British curators want to say something new new about Picasso, about whom so much has been said already, so they don’t put on general exhibitions of his work any more, only shows with an angle. Tate Liverpool put on Picasso: Peace and Freedom in 2010; Tate Modern put on Matisse/Picasso in 2002; the Royal Academy put on Picasso: Painter and Sculptor in Clay in 1998; and the Tate put on On Classic Ground: Picasso, Leger, De Chirico and the New Classicism in 1990. This exhibition at Tate Britain covers Picasso’s reception in Britain and his influence on British art. To some extent, it is an art historian’s exhibition, detailing past Picasso exhibitions, his dealers and journal articles about him. A similar exhibition, Picasso and American Art, was put by the Whitney Museum, New York, in 2006. A general exhibition of works from the Picasso Museum in Paris is currently touring the USA, Australia and Canada, but otherwise you will have to visit the permanent exhibitions of his work at the Musée National Picasso (Paris), the Museu Picasso (Barcelona) or the Museo Picasso (Malaga).
Picasso’s reputation in Britain is so big now that it is surprising to discover that it was uncertain here until he was almost eighty. It was not established until 1960, when the Arts Council put on a retrospective of 270 works at the Tate Gallery, including his series Las Meninas, based on Velasquez. It attracted 500,000 visitors. It was the first significant art exhibition I ever went to.
This exhibition concentrates on Duncan Grant, Wyndham Lewis, Ben Nicholson, Henry Moore, Graham Sutherland, Francis Bacon and David Hockney. Moore did not draw attention to Picasso’s influence until his own work was recognized; David Hockney is more open about it. The exhibition is noteworthy for Francis Bacon’s Picassoesque paintings from the 1930s. Bacon destroyed most of his early work and these are not often shown. Of course, many lesser artists were influenced by him as well. (I have talked about William Newland, Margaret Hine and Nicholas Vergette here.)
This is not a review of the exhibition and I just want to talk about three pictures that fired me up.
Picasso’s use of colour in Nude Woman in a Red Armchair (1923) (top) is arresting. Most of the painting is monochrome, but parts are brilliant red, dark green and pastel shades of green, blue and yellow, some with black outlines. The combination of monochrome, strong colour, pastel shades with sparing use of line is bold and novel. One cannot say that anything Picasso did was arbitrary, but the colour combinations in this work will never be found in any designer’s scheme. Despite making a formal analysis of this work, I have to say that Picasso was not a formalist. There is always something humane, erotic, historicist, mythic or autobiographical in his work – sometimes all five in one. The gallery note says of Nude Woman in a Red Armchair that it depicts his lover Marie-Therèse Walter. “She is presented as a sequence of sensuous curves and her face is made up of two profiles, the sitter’s own and that of her secret lover whose lips kiss hers.”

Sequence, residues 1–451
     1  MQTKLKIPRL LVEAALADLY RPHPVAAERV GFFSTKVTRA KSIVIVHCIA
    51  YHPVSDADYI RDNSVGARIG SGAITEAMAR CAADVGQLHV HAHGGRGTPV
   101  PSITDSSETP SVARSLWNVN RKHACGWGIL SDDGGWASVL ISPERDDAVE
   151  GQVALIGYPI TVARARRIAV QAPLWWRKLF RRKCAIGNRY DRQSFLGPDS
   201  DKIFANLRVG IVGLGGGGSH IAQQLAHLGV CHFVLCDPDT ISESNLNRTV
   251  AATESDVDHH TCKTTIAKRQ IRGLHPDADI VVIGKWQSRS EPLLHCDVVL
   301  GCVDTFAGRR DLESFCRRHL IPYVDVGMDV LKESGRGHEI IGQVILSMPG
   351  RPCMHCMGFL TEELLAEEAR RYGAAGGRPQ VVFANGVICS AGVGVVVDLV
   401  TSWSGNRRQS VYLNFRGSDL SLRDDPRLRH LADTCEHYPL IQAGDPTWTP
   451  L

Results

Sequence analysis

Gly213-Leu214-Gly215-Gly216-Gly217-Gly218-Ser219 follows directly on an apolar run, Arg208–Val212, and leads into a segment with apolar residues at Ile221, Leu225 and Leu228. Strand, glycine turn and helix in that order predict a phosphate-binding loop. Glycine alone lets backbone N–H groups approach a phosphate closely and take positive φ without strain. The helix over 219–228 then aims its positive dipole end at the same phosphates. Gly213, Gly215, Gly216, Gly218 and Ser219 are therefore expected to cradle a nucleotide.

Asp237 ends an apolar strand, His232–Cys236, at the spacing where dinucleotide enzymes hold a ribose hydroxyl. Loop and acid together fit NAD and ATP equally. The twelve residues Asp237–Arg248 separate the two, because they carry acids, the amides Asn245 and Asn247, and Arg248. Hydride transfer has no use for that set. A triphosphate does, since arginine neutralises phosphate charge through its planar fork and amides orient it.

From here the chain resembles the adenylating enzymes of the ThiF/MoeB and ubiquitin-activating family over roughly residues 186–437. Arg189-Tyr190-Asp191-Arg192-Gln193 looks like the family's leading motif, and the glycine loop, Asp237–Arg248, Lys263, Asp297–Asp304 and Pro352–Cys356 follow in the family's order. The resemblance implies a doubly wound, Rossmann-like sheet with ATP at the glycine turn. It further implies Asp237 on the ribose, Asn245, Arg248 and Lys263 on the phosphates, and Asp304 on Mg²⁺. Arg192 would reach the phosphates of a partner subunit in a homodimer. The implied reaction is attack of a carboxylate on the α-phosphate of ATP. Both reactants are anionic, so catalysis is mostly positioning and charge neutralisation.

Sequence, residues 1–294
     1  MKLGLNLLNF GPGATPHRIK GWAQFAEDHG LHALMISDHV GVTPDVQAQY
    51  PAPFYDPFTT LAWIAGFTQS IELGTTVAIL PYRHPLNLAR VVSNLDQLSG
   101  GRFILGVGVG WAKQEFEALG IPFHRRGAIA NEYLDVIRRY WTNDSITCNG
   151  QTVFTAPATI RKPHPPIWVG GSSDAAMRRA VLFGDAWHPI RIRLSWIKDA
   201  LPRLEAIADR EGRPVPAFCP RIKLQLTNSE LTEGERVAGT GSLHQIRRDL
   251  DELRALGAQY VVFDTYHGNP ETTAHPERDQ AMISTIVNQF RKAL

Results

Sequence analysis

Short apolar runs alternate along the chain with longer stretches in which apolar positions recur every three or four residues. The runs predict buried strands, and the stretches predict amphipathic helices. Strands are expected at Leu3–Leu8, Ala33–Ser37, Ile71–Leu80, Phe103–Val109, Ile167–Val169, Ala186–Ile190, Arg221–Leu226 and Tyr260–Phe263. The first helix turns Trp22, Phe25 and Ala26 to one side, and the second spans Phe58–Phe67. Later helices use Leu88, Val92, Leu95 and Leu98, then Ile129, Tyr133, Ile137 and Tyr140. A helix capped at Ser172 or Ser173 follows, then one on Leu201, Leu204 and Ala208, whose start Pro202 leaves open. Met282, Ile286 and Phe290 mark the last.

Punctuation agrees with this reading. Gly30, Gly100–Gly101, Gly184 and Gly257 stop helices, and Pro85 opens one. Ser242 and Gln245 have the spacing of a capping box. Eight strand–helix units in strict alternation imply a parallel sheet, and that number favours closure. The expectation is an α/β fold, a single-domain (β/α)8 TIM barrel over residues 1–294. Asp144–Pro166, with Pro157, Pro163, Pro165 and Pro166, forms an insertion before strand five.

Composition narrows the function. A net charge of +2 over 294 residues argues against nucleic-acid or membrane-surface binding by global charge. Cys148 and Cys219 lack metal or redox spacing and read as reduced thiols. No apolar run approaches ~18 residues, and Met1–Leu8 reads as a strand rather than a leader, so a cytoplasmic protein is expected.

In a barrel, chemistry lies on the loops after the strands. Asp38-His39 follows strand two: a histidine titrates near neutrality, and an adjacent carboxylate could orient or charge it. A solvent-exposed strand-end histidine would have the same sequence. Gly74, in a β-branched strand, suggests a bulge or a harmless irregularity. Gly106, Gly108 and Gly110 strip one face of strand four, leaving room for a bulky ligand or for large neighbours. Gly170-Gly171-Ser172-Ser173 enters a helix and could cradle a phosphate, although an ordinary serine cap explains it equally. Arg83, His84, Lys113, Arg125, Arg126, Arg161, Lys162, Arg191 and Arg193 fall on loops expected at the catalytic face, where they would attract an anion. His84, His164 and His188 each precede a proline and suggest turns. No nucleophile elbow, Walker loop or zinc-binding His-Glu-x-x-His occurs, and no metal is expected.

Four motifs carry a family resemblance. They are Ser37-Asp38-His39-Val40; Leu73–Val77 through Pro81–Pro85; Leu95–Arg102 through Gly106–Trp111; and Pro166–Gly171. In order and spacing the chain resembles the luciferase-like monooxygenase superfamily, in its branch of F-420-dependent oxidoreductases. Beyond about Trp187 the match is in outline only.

I was attracted to the work by Ben Nicholson. Ben Nicholson’s work in the early 1930s owes a debt to Picasso, but it was original. You can be influenced by other artists and be original at the same time. In fact, if you are not influenced by others, you are not original, you are illiterate.
The exhibition has three paintings from this period: 1933 (Coin and musical instrument) (from the Metropolitan Museum of Art) (left), 1933 (Musical Instruments) (from Kettle’s Yard) and 1933 (St Remy, Provence) (from a private collection). As an artist, I am interested in the way these paintings were made. In 1933 (Coin and Musical instruments) a dark ground of browns and blacks has outlines scratched through to the white canvas and there are textures made by the use of a dry brush of one colour over another, none of this visible in the reproduction. Nicholson’s adaptations of Picasso’s style and methods were formal and his formalist trajectory took him to the white-on-white constructions of his later period, a long way from Picasso.
Finally, Picasso’s Portrait of Emilie Marguerite Walter (1939) (left). This is a deconstructed Picasso portrait of the type that generated so much mockery. Two things are now clear about such portraits. The first is that they are not arbitrary, as you will discover if you try to make such a portrait and arrange the features in an arbitrary way. David Hockney did some in homage, and there is a similar portrait of Christopher Isherwood, a good one, in this exhibition. The second is that, although Picasso could make aggressive pictures like his weeping woman series, this picture of his lover’s mother is affectionate.
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